A $33m fund to help the Ethiopian government modernise management of its public finance and procurement has been approved by the World Bank.
The group said that the fund, in the form of an International Development Association (IDA) credit, would allow Ethiopia to strengthen the effectiveness of internal control systems and ensure proper expenditure management to reduce extreme poverty and promote shared prosperity.
The credit will allow a Public Financial Management Project to be implemented by Ministry of Finance and Economic Cooperation. It will streamline and automate financial management systems, improve budget planning and execution, payroll processing and financial reporting.
It will also help improve the regulatory and institutional framework for procurement. A certification programme will be introduced for procurement staff, and the money will help the government increase the capacity of federal and regional procurement regulatory bodies in market research, data collection and performance monitoring.
Carolyn Turk, country director for Ethiopia, said the government recognised the necessity for an efficient public expenditure management system when it comes to a country’s development and had already introduced a reform programme to improve its ability to manage and control its large-scale public expenditures.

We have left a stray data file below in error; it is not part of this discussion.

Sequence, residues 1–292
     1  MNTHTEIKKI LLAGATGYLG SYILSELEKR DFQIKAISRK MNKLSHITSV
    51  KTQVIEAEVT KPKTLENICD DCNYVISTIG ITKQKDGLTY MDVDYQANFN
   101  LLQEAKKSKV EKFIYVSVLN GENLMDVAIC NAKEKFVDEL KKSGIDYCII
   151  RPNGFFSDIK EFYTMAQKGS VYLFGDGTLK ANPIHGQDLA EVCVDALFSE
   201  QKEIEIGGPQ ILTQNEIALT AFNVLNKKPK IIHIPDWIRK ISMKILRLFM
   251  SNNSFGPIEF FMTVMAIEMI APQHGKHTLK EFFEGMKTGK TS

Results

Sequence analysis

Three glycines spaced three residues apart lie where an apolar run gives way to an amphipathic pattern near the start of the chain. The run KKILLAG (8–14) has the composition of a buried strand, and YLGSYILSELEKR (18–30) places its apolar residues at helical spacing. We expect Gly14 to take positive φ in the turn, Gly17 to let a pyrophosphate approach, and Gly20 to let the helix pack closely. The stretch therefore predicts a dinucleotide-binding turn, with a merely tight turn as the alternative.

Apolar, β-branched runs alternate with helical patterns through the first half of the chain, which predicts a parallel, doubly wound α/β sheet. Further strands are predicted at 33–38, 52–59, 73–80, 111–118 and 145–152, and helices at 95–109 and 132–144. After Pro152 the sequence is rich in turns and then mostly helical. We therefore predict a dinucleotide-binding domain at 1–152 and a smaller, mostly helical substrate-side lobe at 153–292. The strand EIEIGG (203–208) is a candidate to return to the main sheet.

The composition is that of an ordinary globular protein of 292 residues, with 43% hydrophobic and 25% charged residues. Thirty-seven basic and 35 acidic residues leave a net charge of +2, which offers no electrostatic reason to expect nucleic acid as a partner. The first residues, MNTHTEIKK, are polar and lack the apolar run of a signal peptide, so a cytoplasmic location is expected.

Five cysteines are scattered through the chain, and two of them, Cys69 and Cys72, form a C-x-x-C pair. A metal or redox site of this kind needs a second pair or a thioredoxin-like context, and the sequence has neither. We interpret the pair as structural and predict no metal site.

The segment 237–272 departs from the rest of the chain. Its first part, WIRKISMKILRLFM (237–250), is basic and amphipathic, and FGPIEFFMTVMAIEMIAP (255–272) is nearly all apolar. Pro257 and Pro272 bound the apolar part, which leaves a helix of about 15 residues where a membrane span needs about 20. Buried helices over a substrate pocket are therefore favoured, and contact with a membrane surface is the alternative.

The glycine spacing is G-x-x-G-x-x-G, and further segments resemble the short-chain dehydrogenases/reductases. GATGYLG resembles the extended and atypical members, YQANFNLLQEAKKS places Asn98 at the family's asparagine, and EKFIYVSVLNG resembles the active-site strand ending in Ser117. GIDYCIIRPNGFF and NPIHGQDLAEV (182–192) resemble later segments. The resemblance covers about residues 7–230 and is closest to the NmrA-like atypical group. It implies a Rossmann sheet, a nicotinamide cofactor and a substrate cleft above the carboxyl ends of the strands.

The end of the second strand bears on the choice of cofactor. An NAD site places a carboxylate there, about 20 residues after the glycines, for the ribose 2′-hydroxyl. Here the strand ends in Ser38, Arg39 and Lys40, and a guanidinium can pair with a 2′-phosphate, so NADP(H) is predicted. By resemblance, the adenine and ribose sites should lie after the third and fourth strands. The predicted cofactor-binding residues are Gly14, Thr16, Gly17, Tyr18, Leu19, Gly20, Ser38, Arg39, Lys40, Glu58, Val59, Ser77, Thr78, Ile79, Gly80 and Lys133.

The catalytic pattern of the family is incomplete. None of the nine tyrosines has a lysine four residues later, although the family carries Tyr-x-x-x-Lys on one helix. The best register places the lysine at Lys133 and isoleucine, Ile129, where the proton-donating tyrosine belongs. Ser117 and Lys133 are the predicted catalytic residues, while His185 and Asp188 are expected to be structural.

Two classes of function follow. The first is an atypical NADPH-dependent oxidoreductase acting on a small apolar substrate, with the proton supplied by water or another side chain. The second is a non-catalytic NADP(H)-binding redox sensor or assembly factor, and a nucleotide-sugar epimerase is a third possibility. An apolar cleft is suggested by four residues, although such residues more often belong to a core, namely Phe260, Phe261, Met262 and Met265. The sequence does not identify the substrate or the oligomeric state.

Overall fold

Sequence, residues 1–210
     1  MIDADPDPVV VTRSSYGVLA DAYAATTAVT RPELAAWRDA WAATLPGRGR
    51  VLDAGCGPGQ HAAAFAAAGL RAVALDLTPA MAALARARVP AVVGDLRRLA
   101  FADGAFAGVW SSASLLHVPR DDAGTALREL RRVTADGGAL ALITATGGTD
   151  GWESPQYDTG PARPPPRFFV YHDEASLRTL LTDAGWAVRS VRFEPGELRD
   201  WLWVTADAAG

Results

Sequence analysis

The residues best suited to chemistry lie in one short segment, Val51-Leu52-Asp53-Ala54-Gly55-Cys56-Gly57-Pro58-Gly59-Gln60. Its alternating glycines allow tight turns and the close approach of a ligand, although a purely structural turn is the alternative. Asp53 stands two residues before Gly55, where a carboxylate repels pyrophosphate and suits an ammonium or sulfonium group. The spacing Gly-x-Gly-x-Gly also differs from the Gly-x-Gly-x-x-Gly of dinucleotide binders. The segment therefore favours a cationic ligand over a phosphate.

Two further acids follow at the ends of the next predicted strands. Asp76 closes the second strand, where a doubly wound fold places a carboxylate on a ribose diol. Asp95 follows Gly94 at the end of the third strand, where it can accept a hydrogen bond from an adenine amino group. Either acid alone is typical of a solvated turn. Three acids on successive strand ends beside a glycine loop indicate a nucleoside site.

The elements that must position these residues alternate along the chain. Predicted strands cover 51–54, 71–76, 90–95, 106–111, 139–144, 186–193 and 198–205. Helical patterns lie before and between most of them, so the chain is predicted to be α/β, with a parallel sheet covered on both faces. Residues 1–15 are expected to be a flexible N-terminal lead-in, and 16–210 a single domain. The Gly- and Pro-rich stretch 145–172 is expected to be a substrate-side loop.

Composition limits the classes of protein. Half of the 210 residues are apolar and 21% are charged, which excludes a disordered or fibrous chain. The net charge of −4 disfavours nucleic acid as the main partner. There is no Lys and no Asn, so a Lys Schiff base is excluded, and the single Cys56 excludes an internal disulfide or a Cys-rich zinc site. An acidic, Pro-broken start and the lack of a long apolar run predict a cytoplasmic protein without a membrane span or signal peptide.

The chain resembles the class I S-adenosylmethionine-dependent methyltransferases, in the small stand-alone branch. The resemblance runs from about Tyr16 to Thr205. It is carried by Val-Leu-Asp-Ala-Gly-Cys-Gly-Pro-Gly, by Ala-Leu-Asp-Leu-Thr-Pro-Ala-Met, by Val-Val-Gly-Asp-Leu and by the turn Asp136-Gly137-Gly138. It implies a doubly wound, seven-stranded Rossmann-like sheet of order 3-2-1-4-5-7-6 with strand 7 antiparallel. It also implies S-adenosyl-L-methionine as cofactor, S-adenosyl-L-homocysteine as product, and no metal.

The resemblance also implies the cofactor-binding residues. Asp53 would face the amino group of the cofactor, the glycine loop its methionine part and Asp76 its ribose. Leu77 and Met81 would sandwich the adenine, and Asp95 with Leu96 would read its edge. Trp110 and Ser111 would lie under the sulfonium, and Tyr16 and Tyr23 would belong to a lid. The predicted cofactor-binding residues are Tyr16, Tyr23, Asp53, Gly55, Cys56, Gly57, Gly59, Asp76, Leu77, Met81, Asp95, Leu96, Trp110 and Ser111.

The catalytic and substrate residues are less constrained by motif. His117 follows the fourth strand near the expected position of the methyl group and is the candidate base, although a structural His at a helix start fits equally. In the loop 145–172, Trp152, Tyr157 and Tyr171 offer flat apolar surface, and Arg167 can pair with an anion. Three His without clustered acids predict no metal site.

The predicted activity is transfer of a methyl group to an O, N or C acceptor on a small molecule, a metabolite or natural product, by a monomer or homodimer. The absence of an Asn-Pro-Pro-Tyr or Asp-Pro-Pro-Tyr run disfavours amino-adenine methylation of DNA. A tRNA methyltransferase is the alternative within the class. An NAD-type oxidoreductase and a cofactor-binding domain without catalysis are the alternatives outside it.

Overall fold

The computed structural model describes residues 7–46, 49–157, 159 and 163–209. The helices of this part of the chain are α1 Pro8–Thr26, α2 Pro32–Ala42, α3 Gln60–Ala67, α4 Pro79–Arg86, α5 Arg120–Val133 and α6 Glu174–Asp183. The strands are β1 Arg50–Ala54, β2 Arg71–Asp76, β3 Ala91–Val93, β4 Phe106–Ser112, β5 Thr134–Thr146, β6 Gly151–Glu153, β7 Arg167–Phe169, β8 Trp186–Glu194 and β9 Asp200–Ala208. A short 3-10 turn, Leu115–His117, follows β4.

“The Public Financial Management Project would help improve the efficacy of the country’s existing expenditure management systems at all levels of government,” she added.
The project is expected to increase the capacity of audit and oversight institutions, which have been identified as one of the weakest links in the Public Financial Management chain in Ethiopia. It will also help introduce international accounting, auditing and bookkeeping standards, and support the new professional body for accountants and auditors.
Eric Brintet, World Bank Task Team Leader for the project, said: “Supporting these important reforms of financial management and procurement will result in significant cost savings for the country by standardising procedures and reducing processing time.”
The World Bank’s IDA provide grants and low- to zero-interest loans for projects and programmes to boost economic growth and reduce poverty in the world’s poorest countries.